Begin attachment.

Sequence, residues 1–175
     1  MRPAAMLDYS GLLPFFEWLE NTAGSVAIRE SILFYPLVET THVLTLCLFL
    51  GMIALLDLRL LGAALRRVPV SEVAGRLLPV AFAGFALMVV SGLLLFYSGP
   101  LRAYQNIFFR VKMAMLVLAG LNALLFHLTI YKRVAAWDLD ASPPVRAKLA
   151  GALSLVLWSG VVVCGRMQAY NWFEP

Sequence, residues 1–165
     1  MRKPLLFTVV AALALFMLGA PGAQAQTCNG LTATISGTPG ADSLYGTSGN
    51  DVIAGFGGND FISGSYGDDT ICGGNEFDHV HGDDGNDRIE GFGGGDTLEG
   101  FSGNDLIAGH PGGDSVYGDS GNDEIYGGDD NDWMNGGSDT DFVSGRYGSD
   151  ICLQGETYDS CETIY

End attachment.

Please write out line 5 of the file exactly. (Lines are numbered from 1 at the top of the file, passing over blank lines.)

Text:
   151  GALSLVLWSG VVVCGRMQAY NWFEP